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I'm not sure if offset is the correct term, but I know there are two types off hosels on putters(example below). I am looking to buy a blade putter, but I'm not sure which type is the right for me. I'm not necessarily going to buy an odyssey blade putter, but here are the two types of putters i was talking about below





so now you now which type I'm talking about, i'll tell you my main question.

Is there any reason besides looks on why you would chose one type or the other? If so, how do you determine which type of offset is for you.

Thanks

also if you can't answer my main question, what are some blade putters you like and reccommend. There are so many types, I am having a hard time deciding on one.

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If you employ a forward press in your putting stroke, you'll want a putter with less offset (Newport 1.5). If you don't employ much of a forward press in your stroke, you'll want a putter with more offset (Newport 2.0) to get your hands in front of the ball.
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I play with a putter that has minimal offset, similar to your second photo. I recommend it because it is cheaper that those black series putters above, and the tour model i have has a firmer insert that the white hot xg model.
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The main difference in hosel (known as the "neck") on putters is the amount of toe hang each will cause. If you hold your putter horizontal and balance the shaft on one finger to let the putter head hang naturally, you'll be able to tell how much toe hang the putter has. The putter head can hang at pretty much any angle. The more the putter hangs down (moves more toward being vertical), the more toe hang it has. The more toe hang a putter has, the more it wants to open/close during the putting stroke.

The reason for different toe hang is to fit different puttingr strokes. A putter that's face stays parallel to the ground is known a "face-balanced" and typically better for someone with a "straight back straight through" putting stroke inwhich they want the face to stay absolutely perpendicular to their putting line. Someone with a gated putting stroke (think of a gate opening and closing on a hinge) will want a putter with a lot of toe hang. Someone that has trouble with short putts might want less toe hang so that they have a better ability to keep the putter face square to the ball on a shart stroke. The reasons go on and on concerning what type of toe hang you'd need.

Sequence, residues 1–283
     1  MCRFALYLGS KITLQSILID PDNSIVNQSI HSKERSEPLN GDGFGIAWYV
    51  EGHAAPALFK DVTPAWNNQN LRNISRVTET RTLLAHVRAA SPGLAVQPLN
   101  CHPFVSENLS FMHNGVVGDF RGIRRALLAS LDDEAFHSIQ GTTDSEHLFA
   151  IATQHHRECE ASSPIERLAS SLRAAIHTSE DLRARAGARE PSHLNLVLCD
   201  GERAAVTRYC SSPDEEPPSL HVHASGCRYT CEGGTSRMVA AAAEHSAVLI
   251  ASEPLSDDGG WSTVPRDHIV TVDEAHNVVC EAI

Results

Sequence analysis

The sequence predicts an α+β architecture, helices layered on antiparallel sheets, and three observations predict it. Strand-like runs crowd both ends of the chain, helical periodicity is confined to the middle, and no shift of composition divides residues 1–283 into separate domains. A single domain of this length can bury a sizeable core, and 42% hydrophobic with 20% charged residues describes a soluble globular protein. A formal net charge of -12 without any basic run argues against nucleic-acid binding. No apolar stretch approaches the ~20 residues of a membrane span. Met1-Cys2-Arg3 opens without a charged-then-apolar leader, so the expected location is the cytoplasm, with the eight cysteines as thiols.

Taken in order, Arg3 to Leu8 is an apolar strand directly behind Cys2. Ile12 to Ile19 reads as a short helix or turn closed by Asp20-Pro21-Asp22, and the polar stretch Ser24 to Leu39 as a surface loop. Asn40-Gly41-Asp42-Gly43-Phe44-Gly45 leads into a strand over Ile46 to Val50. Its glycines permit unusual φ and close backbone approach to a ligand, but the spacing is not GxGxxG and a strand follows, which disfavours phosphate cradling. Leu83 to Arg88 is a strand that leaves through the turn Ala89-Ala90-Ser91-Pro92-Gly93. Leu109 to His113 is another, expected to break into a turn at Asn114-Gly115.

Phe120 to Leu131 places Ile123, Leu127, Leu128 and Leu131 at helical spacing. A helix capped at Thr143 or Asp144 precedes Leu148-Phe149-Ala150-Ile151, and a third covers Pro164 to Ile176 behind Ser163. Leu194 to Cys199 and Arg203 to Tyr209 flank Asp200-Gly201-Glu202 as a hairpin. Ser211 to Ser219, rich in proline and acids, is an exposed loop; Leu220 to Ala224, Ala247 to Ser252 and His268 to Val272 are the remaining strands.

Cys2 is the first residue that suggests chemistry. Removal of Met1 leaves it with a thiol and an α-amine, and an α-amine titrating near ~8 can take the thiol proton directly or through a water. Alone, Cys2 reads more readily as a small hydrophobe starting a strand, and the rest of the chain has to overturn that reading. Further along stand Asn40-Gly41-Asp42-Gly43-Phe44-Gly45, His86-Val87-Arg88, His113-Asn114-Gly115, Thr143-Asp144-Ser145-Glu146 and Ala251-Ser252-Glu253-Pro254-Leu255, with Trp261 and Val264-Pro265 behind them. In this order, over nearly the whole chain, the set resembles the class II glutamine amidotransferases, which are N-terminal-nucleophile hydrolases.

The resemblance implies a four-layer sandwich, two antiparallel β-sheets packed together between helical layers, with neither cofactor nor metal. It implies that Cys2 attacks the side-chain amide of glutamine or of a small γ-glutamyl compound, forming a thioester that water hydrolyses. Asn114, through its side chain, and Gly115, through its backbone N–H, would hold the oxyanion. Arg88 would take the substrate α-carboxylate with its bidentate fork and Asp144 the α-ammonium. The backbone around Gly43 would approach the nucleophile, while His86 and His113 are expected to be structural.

As for the necks you posted above, the standard plumber's-neck (the first one) typically hangs at a a 45* angle and is a good fit for a majority of golfers. The flow neck (second picture) typically has more toe hang (about 60*+) and is better for people that open and close the putter more during their stroke. That being said, the location of where the neck meets the putter head and the actual length of the neck itself can alter the amount of toe hang. I have a Scotty Cameron JLM Tour putter ( here's a link ) that is a blade-style head (typically has more toe hang) with a plumber's neck, but the toe hang on that putter is around 30*. At the end of the day, you really have to test the putter out to see how it hangs.
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Note: This thread is 3973 days old. We appreciate that you found this thread instead of starting a new one, but if you plan to post here please make sure it's still relevant. If not, please start a new topic. Thank you!

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